Weather here still remains dry. We had a drop of rain last Friday but l believe Brittany is declaring itself in a state of drought! No real rain since before Easter is making the garden very dry and very difficult to work in. There is a distinct lack of growth in nearly all the seedlings despite my watering. I have set up a new irrigation system in my plot ready for worsening conditions! How are things with you?


Posted by on May 16, 2010 in May, The garden, Uncategorized


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Full steam ahead

Mr MIDDLETON says: Little and often is the golden rule with fertilizers; a little less rather than a little more.


1. Plant out celery and celeriac.- Celery is normally planted out in trenches in single or double rows….celery being a bog plant requires an abundance of water. Dust with old soot often, to keep the celery fly away. Celeriac, which is grown for its turnip-like root, requires a rich soil and much feeding to get really good roots.

2. Thin out seedlings.- Many rows of seedlings will need thinning out from time to time. This can be done at one stage, though normal practice is to do it twice. The first time the rows are reduced and specimens left about twice as thick as is necessary. This leaves plenty to cover failures. The alternate plants are removed at the final thinning. With carrots the disturbance of the row loosens the soil and permits the carrot fly to lay its eggs near the roots of the plants, and the pungent smell attracts the pest. Immediately after thinning, the rows should be watered and naphthalene hoed in along each side of the rows.

3. Onions and Their Enemies.-

4. Plant Cucumbers.-

5.- Sow Swedes and Turnips.-

6.- Sow and Plant.- Sow maincrop beet and haricot beans. Plant out late cauilflowers and New Zealand spinach. Apply mulches to any fuit trees that need it. Protect beans outside if weather is unseasonable.

I have only just transplanted my celeriac so it is too early for me to plant outside just yet. I bought some celery plants from a new shop just opened in town selling only local produce. I’m all in favour of supporting anything like that. The plants have been slow to pick up but are putting on new growth now.

We had a drop of rain last week but with these winds the soil has soon dried out again and l am having to continue to water. Carrots are up but very slow in putting any growth on. Unlike my spuds under cover that are truly romping away.

Spuds under cover

A little pearl

A couple more weeks and we should be eating our first plate of new potatoes, with a big dollop of butter, of course!

Salad & Herbs

The salad plants are the cut and come again variety so there is no need to thin them. Of course, if you did, then the plant can also be used in a salad. I LOVE coriander leaf, especially in curries, so l tend to grow a lot of this!

Bean poles with willow

I have weaved some willow into the bean poles so that the sweet peas have something more to cling onto in their fight to get going. Even these small plants are sending out flowers already.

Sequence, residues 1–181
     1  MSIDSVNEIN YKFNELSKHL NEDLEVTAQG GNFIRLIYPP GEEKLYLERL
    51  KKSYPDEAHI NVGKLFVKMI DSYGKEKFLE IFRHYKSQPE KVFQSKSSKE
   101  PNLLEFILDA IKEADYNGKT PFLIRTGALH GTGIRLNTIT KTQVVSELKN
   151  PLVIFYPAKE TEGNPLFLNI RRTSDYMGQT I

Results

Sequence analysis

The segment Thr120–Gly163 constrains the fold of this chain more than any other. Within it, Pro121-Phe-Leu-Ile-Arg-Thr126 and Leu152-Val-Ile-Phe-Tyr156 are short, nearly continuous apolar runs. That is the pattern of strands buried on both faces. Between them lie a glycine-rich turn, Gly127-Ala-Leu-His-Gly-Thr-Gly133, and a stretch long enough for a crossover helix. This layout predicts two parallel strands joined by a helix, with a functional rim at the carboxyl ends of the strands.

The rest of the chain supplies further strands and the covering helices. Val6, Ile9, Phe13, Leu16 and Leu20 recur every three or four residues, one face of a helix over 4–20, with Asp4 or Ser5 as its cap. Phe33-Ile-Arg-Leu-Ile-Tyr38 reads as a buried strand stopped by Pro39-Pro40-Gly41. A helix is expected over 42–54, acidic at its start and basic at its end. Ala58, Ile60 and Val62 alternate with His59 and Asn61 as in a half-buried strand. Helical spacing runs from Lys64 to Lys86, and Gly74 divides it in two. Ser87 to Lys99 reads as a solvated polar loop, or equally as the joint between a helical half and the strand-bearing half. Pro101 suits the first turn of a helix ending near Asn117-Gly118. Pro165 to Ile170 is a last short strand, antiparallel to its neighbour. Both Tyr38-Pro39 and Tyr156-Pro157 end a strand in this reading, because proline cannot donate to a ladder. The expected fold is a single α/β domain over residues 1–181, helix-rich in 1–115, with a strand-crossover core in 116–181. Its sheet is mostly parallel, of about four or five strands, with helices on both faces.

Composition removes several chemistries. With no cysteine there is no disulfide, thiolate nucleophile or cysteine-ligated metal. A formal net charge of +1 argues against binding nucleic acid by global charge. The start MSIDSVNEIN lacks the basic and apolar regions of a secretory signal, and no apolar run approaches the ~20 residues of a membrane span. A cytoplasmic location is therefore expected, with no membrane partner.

Me & Bertha

On a sadder note, l am afraid l have lost dear Bertha, probably to the fox. Every day l let them out into the field and it is  lovely to see them scratching about, having a dust bath, chasing off other birds but on Friday night Bertha never returned. She was a heavy girl and, as far as l know, never laid an egg in her life. She was a pet and a cuddly one at that! I will miss her.


Posted by on May 10, 2010 in May, The garden, Uncategorized


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VE Day 65 years on

It is 65 years ago to the day that Great Britain and the rest of Europe were celebrating the end of the Second World War. A war that had gone on for 6 long years, cost millions of lives, had brought untold hardship and suffering to even more millions of people the like of which we will never know. And for those that had survived it was a time to celebrate and rejoice.

Here in France it is a National Holiday and l believe we should do the same in the UK. It seems fitting to mark this day as an entry on my blog. But as such l know l have to keep it short so l hope l can capture the spirit of the time in the following extracts.

On 4 May 1945 the German forces in north-western Europe surrendered to General Montgomery at Luneberg Heath. On 7 May the German Supreme command surrendered at Rheims. The 8 May was designated as VE-Day – Victory in Europe Day (the war against the Japanese still continued). In Britain there was a great deal of rejoicing and for the first time for many years there was floodlighting of public buildings and statues; restaurants, cinemas and theatres were fully lit up. It was said that some children were terrified by the unexpected amount of light!

The Prime Minister, Winston Churchill, announced to the nation that Germany had, at last, surrendered.

There were scenes of great jubilation, Churchill appeared with the Royal Family on the balcony of Buckingham Palace.He announced to the crowd: “This is your victory. It is the victory of the cause of freedom in every land. In all our long history we have never seen a greater day than this. Everyone, man or woman, has done their best.” The crowds below cheered and sang ‘For he’s a Jolly Good Fellow’ followed by three cheers for victory.

Winston Churchill on the balcony of Buckingham Palace with the King and Queen, Princess Margaret and Princess Elizabeth.

VE Day dawned, and for the first time in almost 6 years the weather forecast could be published in the newspapers. ‘Wind freshening; warm and sunny at first but rain can be expected later’, read the Daily Mirror. But the forecast was wrong: ‘the sudden warm snap’ did continue. By the afternoon the temperature in London had risen to 75F and the celebrating crowds sweltered in the unseasonal heat.